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- Mangaka : Kubo Tite
- Publisher : Action, Adventure, Shounen, Drama, Supernatural
- Genre : Viz
- Published : August 2022 (original run, April 2004—October 2018)
Twenty years since its original release in Japan, Kubo Tite’s Bleach has undeniably left an indelible mark upon the manga world. One of the “big three” shounen manga (alongside Naruto and One Piece), Bleach was serialized for fourteen years, ending with seventy-four volumes. Kubo would go on to inspire many modern mangaka, including Horikoshi Kouhei of Boku no Hero Academia (My Hero Academia), Akutami Gege of Jujutsu Kaisen, and Gotouge Koyoharu of Kimetsu no Yaiba (Demon Slayer). All three of these mangaka have publicly listed Bleach as an influence on their works and that it shaped them as young artists. Now, twenty years after the first volume’s release in Japan, Bleach returns to the shelves and our television screens, too. Fans are eagerly anticipating the trailer for the Thousand Year Blood War arc, the final manga arc that was never adapted in the original anime release. In celebration of both the TYBW Arc and the series’ twenty-year anniversary, the first volume of Bleach is being re-released with a new cover. Today on Honey’s Anime, we discuss Bleach, its legacy, and whether you should buy the new 20th Anniversary Edition when it releases in August 2022.
BLEACH 20th ANNIVERSARY PROJECT PV
For the unacquainted, Bleach stars 15-year-old Ichigo Kurosaki, a delinquent high schooler who can see ghosts. After his family is attacked by a monstrous “Hollow,” Ichigo is saved by a monster-slaying Soul Reaper named Rukia. Before she dies, Ichigo and Rukia make a pact, transferring her powers to Ichigo and making him a temporary Soul Reaper. There’s more to Ichigo than meets the eye, though. His natural strength is tremendous, and his transformation into a Soul Reaper alerts the Soul Society which monitors the world of the living. Rukia finds herself on death row for the crime of transferring her powers, forcing Ichigo to find allies and mount a dangerous rescue mission into the Soul Society to save his mentor. Of course, that barely covers the first arc of Bleach – roughly 21 volumes. Theres a lot more Ichigo gets up to, with powerful threats that he must face, the least of all being his own powers threatening to consume his soul. As it stands, Bleach Vol 1 holds up surprisingly well despite its age. Perhaps that’s due to how many other mangaka were inspired by Kubo’s work—the general setup feels familiar and nostalgic (albeit a little basic). We can’t fault a series from 2002 for feeling “tired” thanks to its own descendants, of course, but if you’re used to reading modern shounen, Bleach might feel like your “dad’s manga.” Kubo’s grunge, urban-inspired sensibilities have helped the series age well, with bold chapter illustrations and distinctive character designs. The artwork lacks some of the sharp clarity we expect in 2022, but the comedy holds up, and Ichigo’s speech with Hollows are still as flashy as ever.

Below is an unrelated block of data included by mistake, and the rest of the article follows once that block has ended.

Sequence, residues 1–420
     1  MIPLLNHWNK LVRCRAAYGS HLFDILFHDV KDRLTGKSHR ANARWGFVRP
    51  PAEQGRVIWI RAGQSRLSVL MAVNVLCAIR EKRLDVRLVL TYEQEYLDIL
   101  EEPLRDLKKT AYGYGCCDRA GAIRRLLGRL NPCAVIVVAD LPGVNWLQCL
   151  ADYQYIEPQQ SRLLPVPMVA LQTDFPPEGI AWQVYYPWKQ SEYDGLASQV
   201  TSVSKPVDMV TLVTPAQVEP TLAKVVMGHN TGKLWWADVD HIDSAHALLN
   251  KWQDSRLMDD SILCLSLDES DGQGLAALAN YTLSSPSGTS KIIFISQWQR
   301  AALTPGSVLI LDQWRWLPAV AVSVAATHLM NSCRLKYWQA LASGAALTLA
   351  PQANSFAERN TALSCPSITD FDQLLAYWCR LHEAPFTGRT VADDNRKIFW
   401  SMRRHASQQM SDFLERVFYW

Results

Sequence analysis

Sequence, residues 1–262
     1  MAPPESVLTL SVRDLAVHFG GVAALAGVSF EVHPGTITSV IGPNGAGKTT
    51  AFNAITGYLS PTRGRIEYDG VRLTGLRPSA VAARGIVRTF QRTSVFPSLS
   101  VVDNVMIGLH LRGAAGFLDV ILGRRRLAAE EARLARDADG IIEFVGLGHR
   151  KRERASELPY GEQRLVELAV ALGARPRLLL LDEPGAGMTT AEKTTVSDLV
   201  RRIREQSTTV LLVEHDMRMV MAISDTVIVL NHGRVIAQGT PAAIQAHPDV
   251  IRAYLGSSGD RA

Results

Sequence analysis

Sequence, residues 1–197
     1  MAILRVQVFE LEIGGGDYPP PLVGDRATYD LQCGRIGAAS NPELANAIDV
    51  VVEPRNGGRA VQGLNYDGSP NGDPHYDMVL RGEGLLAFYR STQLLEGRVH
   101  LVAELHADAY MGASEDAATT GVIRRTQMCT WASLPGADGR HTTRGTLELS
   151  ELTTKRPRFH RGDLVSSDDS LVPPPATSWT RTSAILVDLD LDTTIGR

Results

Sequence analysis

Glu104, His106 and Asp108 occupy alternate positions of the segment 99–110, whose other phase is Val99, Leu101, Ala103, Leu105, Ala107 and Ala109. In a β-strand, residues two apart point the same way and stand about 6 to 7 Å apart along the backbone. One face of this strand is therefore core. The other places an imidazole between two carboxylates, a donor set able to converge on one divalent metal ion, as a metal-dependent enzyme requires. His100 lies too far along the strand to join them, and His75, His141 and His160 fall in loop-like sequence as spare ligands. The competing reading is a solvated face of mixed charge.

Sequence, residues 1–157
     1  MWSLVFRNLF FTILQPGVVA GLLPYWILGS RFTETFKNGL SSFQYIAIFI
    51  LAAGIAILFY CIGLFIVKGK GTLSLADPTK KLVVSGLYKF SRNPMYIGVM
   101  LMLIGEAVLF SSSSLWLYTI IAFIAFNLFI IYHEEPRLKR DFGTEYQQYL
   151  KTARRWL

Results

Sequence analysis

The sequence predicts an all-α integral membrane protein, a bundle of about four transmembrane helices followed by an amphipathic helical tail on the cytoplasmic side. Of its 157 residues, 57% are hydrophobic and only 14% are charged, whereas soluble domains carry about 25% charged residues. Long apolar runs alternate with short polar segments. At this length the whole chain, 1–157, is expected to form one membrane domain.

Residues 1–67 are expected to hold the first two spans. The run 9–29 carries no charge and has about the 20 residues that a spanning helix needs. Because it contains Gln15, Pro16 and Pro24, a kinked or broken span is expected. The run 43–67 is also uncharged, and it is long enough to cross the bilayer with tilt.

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1. The OG Still Packs a Punch
As we’ve mentioned, Bleach holds up well twenty years after its release. Sure, there are objectively better manga to read these days, but that’s something you’d expect from two decades of innovation. It’s best to think of Bleach as a beloved classic that paved the way for future storytellers. If you’ve somehow skipped Bleach, getting the shiny new cover is a nice bonus, and it’s a great way to start the series.
1. A Lazy Cash-Grab?
The selling feature for the 20th Anniversary Edition is the new cover art, which first appeared in Shonen Jump magazine in 2001. There’s nothing else that’s been done to the first volume compared to the existing (still in-print) copies. Compare this to the “Fullmetal Editions” of Fullmetal Alchemist, which featured remastered drawings on high-quality stock, with embossed hardcover jackets. All of this is to say – we expected more. The new cover is nice, but currently, there’s no indication that Viz intends to release all seventy-four volumes in this style, so if you wanted to collect the series, you might be better off buying one of the existing box sets.
As an individual volume, Bleach Vol 1 holds up as well as a forefather of modern shounen. As a special edition, however, all you’re getting is a new coat of paint, while other franchises like Fullmetal Alchemist received nicer deluxe editions. The new spine and cover are welcome additions, but you could easily grab one of the older covers (or a box set) while you’re at it. Personally, we’ll probably grab the new volume for the collector’s appeal, and if Viz does intend to continue with the new covers, we might be swayed to choose the newer spines over the older ones. If you’re thinking of checking out this special 20th-anniversary volume, let us know down in the comments below. And as always, thanks for reading!
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